The popular and general Fregean (etc.) idea is that because no particular expression of a proposition is identical to that proposition, then a proposition must be distinguishable not only from a specific expression of it, but from all expressions of it.
The argument is usually that a proposition is distinguishable from a particular expression. However, perhaps the truth is that it is the sum of all possible linguistic expressions of it. That is, when all possible expressions of the proposition are in, then there's nothing left out. There's nothing else to say about it. And if there's nothing else to say about the ostensibly expression-independent proposition that hasn't been said by the sum of all its linguistic expressions, then perhaps there's no distinction between them at all. Thus abstract propositions may not even exist in the first place for them to be linguistically expressed.
Michael Dummett goes into detail as to why Frege believed that there is such a distinction between a proposition and its linguistic expressions – or, in Frege’s case, between a sentence and the ‘Thought’ which it expresses:
"[A thought is] not true for you and false for me, it’s not true at one time and false at another time."
The idea being expressed here is that it may appear to be the case that a thought is true for me though false for you; or true now, though false tomorrow. However, that's only because its linguistic expression leaves something out. If expressions were more precise and more explicit, such things wouldn't be left out.
This leads us to the conclusion that the Fregean Thought itself is precise and explicit. It's strange that something ostensibly non-linguistic can be both precise and explicit at all. How can something abstract and non-linguistic be precise and explicit? What does it mean for an abstract thought or proposition to be precise and explicit? Surely only linguistic expressions can carry the requisite information that will allow a thought to be precise and explicit. How can it be precise and explicit without its – or any – linguistic expression? What would constitute its precision and explicitness?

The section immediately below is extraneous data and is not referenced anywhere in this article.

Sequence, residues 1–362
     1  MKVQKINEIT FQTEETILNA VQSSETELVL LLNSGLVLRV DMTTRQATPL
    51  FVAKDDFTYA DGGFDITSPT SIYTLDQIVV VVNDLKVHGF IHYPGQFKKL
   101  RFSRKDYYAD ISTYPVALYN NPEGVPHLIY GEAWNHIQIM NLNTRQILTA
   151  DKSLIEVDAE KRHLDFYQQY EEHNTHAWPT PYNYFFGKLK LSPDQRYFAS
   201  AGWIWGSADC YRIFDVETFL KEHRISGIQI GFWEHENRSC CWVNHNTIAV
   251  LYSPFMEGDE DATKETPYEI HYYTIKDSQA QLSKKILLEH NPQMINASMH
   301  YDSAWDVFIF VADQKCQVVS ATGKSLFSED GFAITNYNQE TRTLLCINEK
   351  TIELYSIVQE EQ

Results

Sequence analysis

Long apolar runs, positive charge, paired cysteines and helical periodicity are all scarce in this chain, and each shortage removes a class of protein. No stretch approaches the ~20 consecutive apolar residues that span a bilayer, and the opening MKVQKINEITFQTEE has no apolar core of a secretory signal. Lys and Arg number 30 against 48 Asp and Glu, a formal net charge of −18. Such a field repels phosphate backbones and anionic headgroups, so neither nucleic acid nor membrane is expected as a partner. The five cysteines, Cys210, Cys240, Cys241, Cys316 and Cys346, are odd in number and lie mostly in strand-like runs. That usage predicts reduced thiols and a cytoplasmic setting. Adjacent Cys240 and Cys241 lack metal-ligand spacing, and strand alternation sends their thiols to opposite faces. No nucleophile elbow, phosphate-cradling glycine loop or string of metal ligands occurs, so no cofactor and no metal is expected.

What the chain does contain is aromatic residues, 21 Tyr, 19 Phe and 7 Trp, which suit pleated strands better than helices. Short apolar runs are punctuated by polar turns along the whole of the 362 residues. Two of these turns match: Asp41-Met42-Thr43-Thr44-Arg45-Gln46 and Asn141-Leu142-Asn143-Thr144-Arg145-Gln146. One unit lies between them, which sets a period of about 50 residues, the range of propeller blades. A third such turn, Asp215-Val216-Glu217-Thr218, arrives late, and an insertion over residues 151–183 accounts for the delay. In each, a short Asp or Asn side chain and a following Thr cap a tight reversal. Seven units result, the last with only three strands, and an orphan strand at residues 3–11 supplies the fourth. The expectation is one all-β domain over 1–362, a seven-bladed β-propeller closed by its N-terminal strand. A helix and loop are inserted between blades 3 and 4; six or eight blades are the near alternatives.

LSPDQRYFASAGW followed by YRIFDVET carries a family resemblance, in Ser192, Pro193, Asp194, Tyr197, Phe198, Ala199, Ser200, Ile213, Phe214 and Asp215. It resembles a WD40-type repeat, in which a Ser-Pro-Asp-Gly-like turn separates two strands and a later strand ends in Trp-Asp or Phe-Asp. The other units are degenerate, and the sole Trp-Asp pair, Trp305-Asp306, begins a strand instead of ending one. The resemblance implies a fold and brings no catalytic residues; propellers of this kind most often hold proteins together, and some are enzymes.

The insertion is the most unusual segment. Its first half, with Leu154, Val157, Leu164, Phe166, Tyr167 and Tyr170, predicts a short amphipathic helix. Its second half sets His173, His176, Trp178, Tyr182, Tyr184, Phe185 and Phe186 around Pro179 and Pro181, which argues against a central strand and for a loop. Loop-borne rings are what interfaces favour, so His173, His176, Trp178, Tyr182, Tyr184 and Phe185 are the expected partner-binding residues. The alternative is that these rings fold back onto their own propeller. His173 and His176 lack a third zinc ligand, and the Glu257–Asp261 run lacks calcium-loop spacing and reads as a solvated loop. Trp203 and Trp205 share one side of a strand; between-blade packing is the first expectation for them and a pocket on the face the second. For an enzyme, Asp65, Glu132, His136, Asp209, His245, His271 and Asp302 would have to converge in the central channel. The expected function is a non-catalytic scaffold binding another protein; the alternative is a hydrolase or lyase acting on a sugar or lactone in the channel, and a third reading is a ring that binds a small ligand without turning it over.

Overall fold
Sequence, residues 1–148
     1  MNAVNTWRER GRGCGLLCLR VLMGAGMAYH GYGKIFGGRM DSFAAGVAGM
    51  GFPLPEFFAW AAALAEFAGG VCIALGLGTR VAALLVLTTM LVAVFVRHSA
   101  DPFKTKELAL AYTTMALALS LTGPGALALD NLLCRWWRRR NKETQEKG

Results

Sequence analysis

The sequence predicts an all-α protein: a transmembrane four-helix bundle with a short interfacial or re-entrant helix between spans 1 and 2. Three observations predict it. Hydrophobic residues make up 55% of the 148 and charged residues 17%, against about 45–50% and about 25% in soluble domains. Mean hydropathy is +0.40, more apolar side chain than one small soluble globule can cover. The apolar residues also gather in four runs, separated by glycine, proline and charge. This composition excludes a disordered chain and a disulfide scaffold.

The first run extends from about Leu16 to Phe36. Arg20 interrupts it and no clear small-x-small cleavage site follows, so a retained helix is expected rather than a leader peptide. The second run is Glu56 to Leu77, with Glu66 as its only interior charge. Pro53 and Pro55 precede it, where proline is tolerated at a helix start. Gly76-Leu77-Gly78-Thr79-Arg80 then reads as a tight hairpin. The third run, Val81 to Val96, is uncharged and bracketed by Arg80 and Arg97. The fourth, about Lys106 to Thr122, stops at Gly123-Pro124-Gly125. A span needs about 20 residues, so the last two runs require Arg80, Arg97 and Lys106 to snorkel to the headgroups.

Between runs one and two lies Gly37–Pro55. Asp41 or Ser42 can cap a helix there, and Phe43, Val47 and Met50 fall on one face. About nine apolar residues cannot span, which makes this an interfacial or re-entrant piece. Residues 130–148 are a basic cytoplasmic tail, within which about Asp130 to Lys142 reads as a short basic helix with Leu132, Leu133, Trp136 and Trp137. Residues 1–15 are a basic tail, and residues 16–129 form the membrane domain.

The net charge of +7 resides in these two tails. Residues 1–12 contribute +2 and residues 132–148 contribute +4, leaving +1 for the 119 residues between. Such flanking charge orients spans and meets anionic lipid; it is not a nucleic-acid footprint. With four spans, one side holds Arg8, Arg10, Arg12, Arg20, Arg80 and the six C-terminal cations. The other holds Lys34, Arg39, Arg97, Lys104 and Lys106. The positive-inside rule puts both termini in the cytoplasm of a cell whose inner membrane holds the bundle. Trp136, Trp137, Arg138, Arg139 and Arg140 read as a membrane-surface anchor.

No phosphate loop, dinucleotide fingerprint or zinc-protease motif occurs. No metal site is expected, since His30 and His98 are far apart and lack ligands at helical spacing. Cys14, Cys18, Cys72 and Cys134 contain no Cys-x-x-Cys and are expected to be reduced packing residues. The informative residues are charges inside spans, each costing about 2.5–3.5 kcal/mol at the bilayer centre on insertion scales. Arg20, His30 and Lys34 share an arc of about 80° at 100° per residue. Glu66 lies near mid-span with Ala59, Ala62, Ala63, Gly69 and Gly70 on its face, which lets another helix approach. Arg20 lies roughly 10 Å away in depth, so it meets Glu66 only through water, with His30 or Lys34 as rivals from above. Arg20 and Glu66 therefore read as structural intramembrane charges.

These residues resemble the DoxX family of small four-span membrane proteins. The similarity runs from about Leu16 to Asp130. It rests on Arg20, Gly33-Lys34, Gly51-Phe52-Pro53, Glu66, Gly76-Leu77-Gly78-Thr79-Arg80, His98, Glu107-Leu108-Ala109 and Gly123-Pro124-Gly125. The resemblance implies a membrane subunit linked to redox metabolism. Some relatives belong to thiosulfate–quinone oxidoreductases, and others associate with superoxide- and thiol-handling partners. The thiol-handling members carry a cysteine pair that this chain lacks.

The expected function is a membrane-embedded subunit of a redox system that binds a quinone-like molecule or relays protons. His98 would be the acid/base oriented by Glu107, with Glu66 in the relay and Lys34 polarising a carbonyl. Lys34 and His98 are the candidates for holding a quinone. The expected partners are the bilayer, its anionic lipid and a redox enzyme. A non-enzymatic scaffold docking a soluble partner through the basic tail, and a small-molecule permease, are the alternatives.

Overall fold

I mentioned the expression’s lack of precision and explicitness. Dummett explains why this is the case:
"Those are sentences which contain indexical elements: “It’s very cold today” and so on. So he says rather vaguely, when such sentences are uttered, the sentence itself does not suffice to express the thought. The time of utterance, for example, enters into the expression of the thought."
Why must we bring in thoughts or propositions into this argument? It is of course the case that my sentence
"It’s very cold today."
won't be true tomorrow. It may be hot tomorrow. So, yes, it's imprecise and not explicit enough. However, we needn't bring in a thought to make it explicit and precise. All we need to do is reformulate the sentence thus:
"Today, the 11th June, 2008, it is cold here in the Midlands."
That will be still true tomorrow. However, even then we'll be required to drop the word ‘today’ and write:
"On the 11th June, 2008, it was cold in the Midlands."
We don’t require a thought/proposition that's more explicit and precise.
Even if abstract thoughts do exist, who’s to say that they must be more precise and explicit that their expressions anyway? Perhaps the utterer simply didn’t think of the time, date and location of his utterance. Unless the thought has nothing at all to do with what the utterer was thinking at the time. In that case, why call it a ‘thought’ at all – simply call it a ‘proposition’? In that case, because propositions are often unequivocally seen as abstract, then they needn't be thoughts at all.
Here again, why must we automatically assume that the abstract expression (which is somehow expressed) is more explicit and precise than the expression itself? What on earth is making it more precise and more explicit if it has nothing to do with thought at all? How can it be precise and explicit without linguistic expressions and therefore the communication of information?
Dummett himself sees some of these problems. As Julian Baggini puts it:
"Dummett sees part of the difficulty in working out how we determine what the thought is, given that many utterances which express a thought are ambiguous."
Are the expressions of the thought (if it exists at all) ‘ambiguous’, or do they simply leave elements out? This may be more an example of ellipsis than ambiguity. Pragmatically speaking, we always need to leave things out of our utterances.
For example, many people say "Thanks" rather than "Thank you"; "What?!" rather than "What was that?"; or "The train’s arriving soon" rather than "The trains arriving in ten minutes 45 seconds". There are numerous examples of this. Can we really say that they are ambiguous rather than just elliptical?